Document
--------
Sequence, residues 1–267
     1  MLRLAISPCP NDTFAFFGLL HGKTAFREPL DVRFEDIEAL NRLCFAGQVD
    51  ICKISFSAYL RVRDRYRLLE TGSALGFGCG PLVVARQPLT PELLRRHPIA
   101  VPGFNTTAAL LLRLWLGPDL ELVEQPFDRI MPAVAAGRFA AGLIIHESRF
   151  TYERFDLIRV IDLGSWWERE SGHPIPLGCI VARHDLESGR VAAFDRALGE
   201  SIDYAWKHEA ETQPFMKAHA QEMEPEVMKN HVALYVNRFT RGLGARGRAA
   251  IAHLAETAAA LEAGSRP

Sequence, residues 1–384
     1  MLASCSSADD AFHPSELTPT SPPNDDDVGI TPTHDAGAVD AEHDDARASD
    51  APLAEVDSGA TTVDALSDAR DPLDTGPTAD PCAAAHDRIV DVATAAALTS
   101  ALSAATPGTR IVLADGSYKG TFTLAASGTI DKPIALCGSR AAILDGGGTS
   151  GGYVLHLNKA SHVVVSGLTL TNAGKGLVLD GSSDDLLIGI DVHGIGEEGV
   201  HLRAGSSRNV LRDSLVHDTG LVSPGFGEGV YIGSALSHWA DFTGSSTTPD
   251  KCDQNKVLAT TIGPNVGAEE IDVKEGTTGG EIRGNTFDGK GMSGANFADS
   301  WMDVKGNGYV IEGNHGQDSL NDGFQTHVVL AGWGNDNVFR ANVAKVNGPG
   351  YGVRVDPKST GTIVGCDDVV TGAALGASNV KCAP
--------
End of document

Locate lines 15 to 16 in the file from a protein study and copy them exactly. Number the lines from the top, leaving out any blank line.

   301  WMDVKGNGYV IEGNHGQDSL NDGFQTHVVL AGWGNDNVFR ANVAKVNGPG
   351  YGVRVDPKST GTIVGCDDVV TGAALGASNV KCAP